What can a person with rheumatoid arthritis do for the pain, and the disease itself?
Rheumatoid arthritis (RA) is a chronic inflammatory condition that typically affects the synorial membranes in the joints of the hands, feet, wrists, ankles, and knees. Women with RA outnumber men 3:1 and the usual age of onset is between 20 and 40 years. The general consensus is that RA is an autoimmune reaction, although we do not know what triggers it. Investigation and theories center on genetics, stress, nutritional factors, food allergies and altered intestinal permeability.
Alternative treatments for the disease itself are centered on factors that may be very particular to that individual. I can share some general themes, however. Identification and elimination of allergic foods has been shown to offer significant benefit for up to half of those afflicted with RA. Changing the oils in one’s diet can reduce inflammation. Lowering one’s intake of saturated fats from animal products and increasing polyunsaturated fats can bring about significant improvement.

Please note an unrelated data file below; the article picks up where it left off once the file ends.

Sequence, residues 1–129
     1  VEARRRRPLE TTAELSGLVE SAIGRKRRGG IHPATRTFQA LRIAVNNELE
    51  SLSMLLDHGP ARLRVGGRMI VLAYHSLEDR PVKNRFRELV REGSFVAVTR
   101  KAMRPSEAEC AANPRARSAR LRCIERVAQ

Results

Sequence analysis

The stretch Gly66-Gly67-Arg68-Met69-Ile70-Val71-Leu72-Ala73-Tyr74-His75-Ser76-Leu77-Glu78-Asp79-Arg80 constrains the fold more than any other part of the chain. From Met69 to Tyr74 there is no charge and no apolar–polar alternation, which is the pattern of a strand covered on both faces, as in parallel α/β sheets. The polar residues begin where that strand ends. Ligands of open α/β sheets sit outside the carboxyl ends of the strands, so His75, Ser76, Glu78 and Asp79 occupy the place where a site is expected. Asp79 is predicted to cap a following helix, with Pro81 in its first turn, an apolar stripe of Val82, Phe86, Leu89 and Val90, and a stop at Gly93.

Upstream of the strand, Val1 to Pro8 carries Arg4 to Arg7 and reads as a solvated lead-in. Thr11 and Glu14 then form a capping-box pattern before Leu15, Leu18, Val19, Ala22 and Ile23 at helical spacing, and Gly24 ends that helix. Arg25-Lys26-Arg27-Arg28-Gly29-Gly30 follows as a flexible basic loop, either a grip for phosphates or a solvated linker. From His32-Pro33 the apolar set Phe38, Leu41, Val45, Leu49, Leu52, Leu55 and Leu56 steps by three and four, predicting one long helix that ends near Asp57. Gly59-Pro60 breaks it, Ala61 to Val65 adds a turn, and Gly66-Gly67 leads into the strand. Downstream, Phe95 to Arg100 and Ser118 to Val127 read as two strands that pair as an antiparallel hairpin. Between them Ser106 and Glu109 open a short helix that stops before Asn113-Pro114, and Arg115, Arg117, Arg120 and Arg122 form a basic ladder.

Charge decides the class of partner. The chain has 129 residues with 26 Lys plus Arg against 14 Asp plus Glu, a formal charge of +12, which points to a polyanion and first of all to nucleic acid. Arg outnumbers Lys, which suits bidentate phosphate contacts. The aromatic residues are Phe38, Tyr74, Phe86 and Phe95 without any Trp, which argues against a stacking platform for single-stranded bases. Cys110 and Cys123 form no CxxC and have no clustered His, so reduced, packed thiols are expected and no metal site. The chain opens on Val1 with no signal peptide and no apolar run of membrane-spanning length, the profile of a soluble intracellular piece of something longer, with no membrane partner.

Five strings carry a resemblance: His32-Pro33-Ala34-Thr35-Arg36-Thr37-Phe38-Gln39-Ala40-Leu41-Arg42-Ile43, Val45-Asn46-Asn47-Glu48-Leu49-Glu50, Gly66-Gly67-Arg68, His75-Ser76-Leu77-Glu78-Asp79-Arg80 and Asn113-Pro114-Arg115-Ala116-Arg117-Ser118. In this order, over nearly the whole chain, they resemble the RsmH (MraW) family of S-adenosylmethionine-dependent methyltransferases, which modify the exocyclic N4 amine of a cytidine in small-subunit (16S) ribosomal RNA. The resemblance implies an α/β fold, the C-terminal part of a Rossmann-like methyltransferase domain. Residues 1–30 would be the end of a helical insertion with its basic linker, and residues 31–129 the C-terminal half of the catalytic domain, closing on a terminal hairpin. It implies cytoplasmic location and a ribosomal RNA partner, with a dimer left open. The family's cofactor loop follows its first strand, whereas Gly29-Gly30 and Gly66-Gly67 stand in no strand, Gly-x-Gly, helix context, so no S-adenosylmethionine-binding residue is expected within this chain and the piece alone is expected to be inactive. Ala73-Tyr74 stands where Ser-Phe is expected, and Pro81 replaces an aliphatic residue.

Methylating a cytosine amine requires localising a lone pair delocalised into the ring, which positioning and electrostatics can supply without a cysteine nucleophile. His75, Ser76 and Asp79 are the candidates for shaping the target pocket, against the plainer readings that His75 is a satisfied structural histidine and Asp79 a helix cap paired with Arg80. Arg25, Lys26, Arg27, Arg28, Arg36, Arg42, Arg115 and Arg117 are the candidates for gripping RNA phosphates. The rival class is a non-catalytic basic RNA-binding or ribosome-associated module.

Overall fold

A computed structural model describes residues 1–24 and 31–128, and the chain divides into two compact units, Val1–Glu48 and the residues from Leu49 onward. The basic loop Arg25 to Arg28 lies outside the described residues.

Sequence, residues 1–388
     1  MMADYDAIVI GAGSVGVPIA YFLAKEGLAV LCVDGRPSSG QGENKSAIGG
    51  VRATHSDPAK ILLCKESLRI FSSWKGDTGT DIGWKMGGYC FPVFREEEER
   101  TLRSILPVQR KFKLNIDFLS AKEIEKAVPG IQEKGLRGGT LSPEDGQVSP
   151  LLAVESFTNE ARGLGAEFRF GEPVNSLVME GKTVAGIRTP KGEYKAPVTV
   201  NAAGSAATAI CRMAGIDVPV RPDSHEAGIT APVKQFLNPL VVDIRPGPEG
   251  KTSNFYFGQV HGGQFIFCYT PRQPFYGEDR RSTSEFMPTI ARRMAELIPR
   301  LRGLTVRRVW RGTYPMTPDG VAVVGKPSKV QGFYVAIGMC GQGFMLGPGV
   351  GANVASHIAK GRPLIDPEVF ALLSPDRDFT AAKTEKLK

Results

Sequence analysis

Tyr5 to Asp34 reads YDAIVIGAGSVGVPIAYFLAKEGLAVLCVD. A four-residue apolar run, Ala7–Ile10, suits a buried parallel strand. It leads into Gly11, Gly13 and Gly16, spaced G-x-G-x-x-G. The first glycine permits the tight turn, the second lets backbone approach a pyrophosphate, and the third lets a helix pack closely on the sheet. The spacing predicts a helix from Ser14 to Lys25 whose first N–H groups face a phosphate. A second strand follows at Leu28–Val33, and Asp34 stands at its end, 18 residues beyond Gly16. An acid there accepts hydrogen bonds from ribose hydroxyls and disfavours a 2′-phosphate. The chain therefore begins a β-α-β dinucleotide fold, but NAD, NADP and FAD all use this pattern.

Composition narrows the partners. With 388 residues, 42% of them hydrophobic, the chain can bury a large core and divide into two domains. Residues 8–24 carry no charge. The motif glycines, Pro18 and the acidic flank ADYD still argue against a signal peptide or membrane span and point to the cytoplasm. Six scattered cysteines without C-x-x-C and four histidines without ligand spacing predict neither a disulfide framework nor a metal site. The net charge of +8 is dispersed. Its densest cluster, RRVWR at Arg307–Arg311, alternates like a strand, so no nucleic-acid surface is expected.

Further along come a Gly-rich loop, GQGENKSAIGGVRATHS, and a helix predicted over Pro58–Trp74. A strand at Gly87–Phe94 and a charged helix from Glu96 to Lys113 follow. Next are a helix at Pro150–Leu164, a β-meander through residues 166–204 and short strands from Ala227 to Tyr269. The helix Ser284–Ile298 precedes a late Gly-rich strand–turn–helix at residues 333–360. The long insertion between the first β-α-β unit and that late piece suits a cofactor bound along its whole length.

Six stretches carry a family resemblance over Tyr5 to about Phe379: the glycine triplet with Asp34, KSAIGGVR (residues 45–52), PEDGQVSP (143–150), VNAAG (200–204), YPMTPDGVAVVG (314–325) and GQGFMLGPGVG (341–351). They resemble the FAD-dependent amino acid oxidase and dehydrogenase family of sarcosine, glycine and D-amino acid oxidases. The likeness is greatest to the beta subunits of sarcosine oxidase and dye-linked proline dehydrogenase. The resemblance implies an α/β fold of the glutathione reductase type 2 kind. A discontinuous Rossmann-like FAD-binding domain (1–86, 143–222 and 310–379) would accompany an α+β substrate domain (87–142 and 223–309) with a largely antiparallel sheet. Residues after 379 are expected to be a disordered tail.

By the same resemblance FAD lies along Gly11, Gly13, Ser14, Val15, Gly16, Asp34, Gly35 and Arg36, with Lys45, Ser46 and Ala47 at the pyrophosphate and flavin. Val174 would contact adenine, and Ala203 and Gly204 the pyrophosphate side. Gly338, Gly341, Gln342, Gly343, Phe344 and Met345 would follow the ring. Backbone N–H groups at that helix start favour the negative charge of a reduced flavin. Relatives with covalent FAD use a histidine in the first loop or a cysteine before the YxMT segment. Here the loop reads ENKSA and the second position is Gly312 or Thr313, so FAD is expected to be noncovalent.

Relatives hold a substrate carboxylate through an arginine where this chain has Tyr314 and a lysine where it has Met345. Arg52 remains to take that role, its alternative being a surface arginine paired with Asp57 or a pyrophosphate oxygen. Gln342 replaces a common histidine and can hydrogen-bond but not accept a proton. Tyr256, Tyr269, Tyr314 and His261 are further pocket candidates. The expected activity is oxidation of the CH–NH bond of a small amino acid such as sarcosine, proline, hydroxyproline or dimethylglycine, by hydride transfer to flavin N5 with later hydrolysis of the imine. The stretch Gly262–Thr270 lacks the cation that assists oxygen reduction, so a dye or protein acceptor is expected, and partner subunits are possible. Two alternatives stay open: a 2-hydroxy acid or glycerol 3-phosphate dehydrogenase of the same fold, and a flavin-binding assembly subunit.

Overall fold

In addition, supplementing with eicosapentaenoic acid (EPA), flax oil, and borage oil are all ways to form what are called anti-inflammatory prostaglandins. Reducing animal fats reduces arachidonic acid, a fatty acid that contributes to the inflammatory process.
Nutritional supplements to consider for RA include:
- EPA: 1.8 g. a day
- Selenium: 200 mcg a day
- Vitamin E: 400 I.U. a day
- Quercitin: 250 mg. between meals three times a day
- Bromelain: 250 mg. between meals three times a day
Botanicals to consider include:
- Curcuma (tumeric)
- Glycyrrhiza (licorice)
- Panax ginseng (Korean ginseng)
The quercitin, bromelain and tumeric have the most potential for acute pain relief. A chronic degenerative disorder such as RA is best addressed with the help of qualified health care practitioners; a naturopathic physician and/or a licensed acupuncturist would be my initial recommendations.